Explore the northernmost national park in the United States

The northernmost national park in the United States is as remote as it gets, but here’s why Gates of the Arctic is so unique – and how to get there.

Due to its location, the gates of the Arctic National Park and Preserve frequently land on lists of the least visited national parks in the United States. In 2021, it only attracted more than 7,000 visitors as the northernmost national park in the United States

The park has no roads or trails, an attractive prospect for those who want to get out of their comfort zone – but at the same time a diversion for others. It may not be a vacationer’s first choice, but the Arctic Gates is a humble adventure zone, thanks to its rugged beauty. Others may not be aware of its existence, but true nature travelers should not miss the opportunity to visit this Alaskan delight.


Home to unique wildlife and the Brooks Range, the highest mountain in the arctic circle, the Gateways to the Arctic don’t hesitate to share its charm. The undeveloped character of this icy destination makes it an ideal meeting place for backcountry adventurers. However, tourists who just want an arctic experience shouldn’t worry because there’s a corner for everyone in this northern refuge.

Plan your visit: what to do when you arrive at the gates of Arctic National Park?

It is a wild winter wonderland, so tourists should not just be ready but looking forward when visiting the Gates of the Arctic National Park and Preserve. Here is some basic information about the park.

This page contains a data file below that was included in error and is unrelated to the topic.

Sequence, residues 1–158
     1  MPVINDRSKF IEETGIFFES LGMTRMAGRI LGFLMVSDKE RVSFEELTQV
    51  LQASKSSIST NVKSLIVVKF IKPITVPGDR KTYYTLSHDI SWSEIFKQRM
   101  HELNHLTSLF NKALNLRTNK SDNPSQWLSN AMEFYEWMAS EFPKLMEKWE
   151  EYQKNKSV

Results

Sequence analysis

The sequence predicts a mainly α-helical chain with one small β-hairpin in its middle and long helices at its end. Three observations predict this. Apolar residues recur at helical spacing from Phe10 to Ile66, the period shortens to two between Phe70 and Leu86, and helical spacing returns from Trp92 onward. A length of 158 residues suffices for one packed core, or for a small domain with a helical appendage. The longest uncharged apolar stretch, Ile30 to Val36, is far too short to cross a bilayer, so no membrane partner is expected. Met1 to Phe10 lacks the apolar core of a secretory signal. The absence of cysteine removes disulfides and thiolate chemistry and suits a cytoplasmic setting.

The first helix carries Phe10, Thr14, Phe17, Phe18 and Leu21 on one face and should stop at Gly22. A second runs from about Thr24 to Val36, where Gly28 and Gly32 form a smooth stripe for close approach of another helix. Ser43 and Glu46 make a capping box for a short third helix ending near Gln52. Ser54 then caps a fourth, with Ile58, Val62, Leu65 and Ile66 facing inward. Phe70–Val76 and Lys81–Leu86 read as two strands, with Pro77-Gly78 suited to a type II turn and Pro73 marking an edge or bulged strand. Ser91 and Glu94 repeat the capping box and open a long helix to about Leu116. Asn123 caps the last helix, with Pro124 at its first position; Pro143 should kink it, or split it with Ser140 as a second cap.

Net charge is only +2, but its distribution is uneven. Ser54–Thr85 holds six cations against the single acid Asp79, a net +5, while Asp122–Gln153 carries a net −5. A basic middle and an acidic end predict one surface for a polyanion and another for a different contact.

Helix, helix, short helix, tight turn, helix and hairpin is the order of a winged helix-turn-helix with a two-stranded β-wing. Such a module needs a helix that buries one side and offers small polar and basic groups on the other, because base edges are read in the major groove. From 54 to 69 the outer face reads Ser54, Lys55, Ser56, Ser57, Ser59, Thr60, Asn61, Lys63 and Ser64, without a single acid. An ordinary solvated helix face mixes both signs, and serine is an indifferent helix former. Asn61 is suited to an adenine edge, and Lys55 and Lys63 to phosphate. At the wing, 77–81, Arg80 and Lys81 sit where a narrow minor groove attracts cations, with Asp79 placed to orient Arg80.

• The park is closed in winter, only opening its doors to tourists from June to the end of September from 8 a.m. to 5 p.m. daily.
  • There is no park entrance fee, but tourists are encouraged to visit the Visitor Center for orientation.
  • The Anaktuvuk Pass Ranger Station is open Monday through Friday, 9:00 a.m. to 5:30 p.m. (April through September). 101


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Arctic Adventures in the northernmost national park in the United States

The Arctic Gates are beyond anyone’s comfort zone, but they are comfortable on their own. With its stunning scenery, it’s a cool destination, literally.

Backpacking and hiking

Backpackers are in for a treat in this Alaskan destination. As winter draws to a close, the Gateways to the Arctic are more than eager to welcome travelers. it is a challenge for them.

  • Since the Brooks range is simply there, it’s what most backpackers conquer. Trips for experienced hikers take more than a week, a strenuous but rewarding journey once they’ve seen the glacier spectacle.
  • A week-long trip to the rugged peaks of Arrigetch will take visitors to the different ecozones of the park. Upon reaching the subalpine zone, hikers will be treated to breathtaking scenery that only the Arctic can provide.
  • For packrafters, the Alatna River awaits. The waterway serves as the starting point of an Arrigetch adventure, and also its endpoint, the perfect place to cap off an Arctic escape.
  • Climbers can take on the challenge of Arrigetch, Mount Doonerak or Mount Igikpak.


Whatever journey backpackers take, they will be greeted by majestic ridges, breathtaking vistas and pristine rivers. Basically the best from Mother Nature. 159

Bird and Wildlife Watching

The warmth of the summer sun makes the park a home for various birds. Besides the winged buddies, the Arctic Gates also serve as a playground for bears, deer, and caribou, among others.